anchors don't stir up sediment and create oil slicks.
Wisconsin authorities say that some of the compounds
can be cancer-causing at high exposures, but they note
that public health risks remain relatively low as long
as citizens avoid contact with the oily tar or vapors
that might be emitted from oil slicks. City water supplies
and two artesian wells in a park near the beach have not
Who pays for cleanup?
Xcel officials have taken responsibility for cleaning
up pollution on property it owns on the bluff. Its groundwater
is contaminated with tar compounds and other chemicals
called volatile organics. A now-filled ravine contains
tar, cinder ash, boiler slag and other debris dumped there
nearly a century ago.
Since 1995 Xcel has spent about $3 million for legal
fees, consultants' advice, excavation of some contaminated
soil and for a pumping system to collect tar from groundwater.
That amount could be dwarfed by the total cost of cleanup.
A consultant for the DNR estimated in 1998 that the costs
could range from $4 million to $93 million, depending
on the extent of cleanup and whether the contaminated
bay sediment would be covered to entomb the tar or dredged
to remove it.
Xcel contends the former plant couldn't have produced
all the waste in the bay or beneath Kreher Park, a city-owned
property created decades ago by filling in part of the
bay. Xcel argues that a former lumber company polluted
the water and sediment with creosote, tar and other wood
But the DNR takes a different view on the area's
toxic history. Project manager Dunn said there is no evidence
the lumber company produced significant tars and oils.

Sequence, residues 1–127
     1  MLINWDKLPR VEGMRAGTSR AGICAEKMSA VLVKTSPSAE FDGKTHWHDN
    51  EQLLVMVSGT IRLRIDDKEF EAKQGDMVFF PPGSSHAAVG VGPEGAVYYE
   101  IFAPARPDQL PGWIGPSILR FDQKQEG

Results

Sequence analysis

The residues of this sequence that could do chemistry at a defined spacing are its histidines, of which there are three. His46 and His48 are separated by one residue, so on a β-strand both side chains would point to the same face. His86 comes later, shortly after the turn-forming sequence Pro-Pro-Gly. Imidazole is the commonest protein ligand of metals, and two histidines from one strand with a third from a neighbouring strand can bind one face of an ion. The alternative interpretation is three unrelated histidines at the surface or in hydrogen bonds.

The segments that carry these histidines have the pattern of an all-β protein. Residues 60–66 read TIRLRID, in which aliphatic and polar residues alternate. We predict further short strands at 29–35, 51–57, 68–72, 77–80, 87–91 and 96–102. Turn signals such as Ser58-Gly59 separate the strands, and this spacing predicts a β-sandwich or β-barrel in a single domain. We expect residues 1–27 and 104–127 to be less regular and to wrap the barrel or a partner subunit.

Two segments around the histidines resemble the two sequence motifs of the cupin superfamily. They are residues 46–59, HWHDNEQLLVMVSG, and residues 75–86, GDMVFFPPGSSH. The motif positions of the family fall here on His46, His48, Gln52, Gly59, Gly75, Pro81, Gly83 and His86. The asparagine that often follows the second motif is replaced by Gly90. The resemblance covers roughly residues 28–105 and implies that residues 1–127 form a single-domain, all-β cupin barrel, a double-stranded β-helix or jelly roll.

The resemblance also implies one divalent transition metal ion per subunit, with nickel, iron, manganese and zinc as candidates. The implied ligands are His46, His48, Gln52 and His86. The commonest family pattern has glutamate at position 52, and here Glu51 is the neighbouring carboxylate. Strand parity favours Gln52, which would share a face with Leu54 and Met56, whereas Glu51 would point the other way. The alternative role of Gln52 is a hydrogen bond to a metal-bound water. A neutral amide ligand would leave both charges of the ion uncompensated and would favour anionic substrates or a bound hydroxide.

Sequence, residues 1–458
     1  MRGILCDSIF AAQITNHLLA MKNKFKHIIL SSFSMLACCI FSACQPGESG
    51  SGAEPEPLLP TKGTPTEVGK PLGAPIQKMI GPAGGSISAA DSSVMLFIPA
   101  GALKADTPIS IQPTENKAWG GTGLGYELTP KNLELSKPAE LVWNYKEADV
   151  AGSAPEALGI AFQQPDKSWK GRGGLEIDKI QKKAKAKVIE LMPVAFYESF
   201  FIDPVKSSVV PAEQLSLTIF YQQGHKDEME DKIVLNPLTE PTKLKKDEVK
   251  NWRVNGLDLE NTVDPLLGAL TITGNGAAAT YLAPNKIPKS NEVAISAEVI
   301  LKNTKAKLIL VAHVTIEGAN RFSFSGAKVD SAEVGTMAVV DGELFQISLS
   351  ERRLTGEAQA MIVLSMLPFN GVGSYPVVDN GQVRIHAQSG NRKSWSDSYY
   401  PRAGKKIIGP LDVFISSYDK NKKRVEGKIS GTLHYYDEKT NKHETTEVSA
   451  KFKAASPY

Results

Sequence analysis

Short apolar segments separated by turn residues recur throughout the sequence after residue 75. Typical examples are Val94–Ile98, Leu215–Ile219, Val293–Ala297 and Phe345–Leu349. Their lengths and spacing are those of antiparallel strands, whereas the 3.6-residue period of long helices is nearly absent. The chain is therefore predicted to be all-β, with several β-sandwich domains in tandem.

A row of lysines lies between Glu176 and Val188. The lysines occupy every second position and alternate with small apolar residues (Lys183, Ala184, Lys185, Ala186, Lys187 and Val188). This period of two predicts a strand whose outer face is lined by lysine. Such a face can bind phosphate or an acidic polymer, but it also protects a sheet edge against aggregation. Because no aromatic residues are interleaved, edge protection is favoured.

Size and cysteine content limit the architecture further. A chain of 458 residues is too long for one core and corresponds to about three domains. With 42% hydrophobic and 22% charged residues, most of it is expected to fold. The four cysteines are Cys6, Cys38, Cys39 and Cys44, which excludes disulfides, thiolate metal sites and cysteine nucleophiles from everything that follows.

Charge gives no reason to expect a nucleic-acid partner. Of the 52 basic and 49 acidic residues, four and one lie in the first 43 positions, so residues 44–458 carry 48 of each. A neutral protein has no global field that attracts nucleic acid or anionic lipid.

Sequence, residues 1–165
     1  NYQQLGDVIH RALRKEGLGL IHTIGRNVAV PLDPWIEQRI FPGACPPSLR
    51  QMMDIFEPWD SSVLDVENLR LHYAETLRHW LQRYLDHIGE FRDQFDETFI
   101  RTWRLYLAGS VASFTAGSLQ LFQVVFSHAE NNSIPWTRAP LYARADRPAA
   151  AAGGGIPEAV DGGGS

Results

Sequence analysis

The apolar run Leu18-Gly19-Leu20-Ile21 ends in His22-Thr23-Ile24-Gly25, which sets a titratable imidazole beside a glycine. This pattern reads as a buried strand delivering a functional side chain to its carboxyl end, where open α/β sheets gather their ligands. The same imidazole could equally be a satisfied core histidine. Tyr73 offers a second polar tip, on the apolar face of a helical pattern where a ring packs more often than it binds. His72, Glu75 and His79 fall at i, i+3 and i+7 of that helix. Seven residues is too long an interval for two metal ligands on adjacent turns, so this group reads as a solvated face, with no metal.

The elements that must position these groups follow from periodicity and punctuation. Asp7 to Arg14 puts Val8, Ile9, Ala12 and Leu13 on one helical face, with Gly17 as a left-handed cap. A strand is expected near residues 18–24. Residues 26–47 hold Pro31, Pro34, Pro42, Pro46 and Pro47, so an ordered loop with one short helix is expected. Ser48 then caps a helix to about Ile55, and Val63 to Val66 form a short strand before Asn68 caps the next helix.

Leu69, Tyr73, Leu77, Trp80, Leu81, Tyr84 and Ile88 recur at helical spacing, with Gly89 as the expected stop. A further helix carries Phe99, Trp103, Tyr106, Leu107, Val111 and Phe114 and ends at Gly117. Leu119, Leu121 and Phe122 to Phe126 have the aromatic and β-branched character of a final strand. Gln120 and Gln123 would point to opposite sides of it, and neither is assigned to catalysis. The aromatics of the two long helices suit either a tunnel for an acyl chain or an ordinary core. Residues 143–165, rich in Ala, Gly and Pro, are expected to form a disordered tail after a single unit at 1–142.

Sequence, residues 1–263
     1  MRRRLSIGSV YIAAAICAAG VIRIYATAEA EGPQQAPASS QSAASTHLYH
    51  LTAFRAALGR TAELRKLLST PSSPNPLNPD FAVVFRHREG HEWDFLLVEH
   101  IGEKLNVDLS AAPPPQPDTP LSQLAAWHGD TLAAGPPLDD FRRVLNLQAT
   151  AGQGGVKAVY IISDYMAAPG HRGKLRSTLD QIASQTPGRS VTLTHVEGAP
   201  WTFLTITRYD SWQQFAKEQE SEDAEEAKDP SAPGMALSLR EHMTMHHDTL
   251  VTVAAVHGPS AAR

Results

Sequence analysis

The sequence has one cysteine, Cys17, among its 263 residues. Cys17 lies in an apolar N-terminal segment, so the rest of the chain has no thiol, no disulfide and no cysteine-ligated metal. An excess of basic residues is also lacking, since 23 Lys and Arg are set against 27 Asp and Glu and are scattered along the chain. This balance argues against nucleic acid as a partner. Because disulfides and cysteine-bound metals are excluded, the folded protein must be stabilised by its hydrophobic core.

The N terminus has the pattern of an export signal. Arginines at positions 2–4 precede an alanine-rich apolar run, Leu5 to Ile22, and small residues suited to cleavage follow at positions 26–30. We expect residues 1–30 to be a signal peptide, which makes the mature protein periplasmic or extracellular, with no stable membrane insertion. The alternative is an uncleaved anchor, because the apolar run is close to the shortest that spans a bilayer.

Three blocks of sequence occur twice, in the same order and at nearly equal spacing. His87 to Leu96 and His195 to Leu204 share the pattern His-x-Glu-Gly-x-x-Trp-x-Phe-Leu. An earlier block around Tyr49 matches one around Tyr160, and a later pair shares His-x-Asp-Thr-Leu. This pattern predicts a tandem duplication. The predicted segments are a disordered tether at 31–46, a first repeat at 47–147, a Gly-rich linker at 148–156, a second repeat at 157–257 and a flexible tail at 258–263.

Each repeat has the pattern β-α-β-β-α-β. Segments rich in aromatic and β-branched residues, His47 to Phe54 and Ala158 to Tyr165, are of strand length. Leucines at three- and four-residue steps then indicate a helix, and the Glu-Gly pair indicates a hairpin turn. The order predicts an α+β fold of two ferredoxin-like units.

The standoff between Xcel and the government has frustrated
citizens who already were uneasy about the beach signs.
"Every time DNR takes one step, it is matched by a counterstep
from Xcel, and that has made it difficult for this process
to move along quickly," said Kim Bro, executive director
of the Sigurd Olson Institute at Northland College in
The site landed on the Superfund list after some citizens
filed a petition to place it on the list. Now, federal
officials will oversee the DNR's management of the
Xcel officials said it is concerned about the cleanup's
effect on customers' bills. "We want a cleanup that
does the right thing for the environment, but we also
want to make sure our customers aren't getting stuck
with a $50 or $60 million bill," said Dave Donovan,
Xcel's regulatory policy adviser in Eau Claire, Wis.
Donovan said that under Wisconsin rules, Xcel could pass
along the costs of cleanup to its approximately 90,000
Wisconsin natural gas customers.
Fixing the problem
The timing and method of cleanup also are contentious
Excavating soil and dredging the bay, if needed, could
create oil slicks in the lake and vapors in the air --
potential risks to humans and wildlife.
A comprehensive investigation of the site, including
all that is known from previous studies, has begun. That
report, expected next year, will be followed in late 2004
by a feasibility study listing the cleanup options.
Kathy Allen, an Ashland resident who has been active
in the dispute and was elected to the City Council last
April, said citizens are prepared for a lengthy process.
They want the community to play a significant role in
cleanup decisions, she said.
"There aren't any real clear bad guys and good guys,"
she said. "But we've got a mess, and we have to figure
out the fairest and quickest and best way to clean it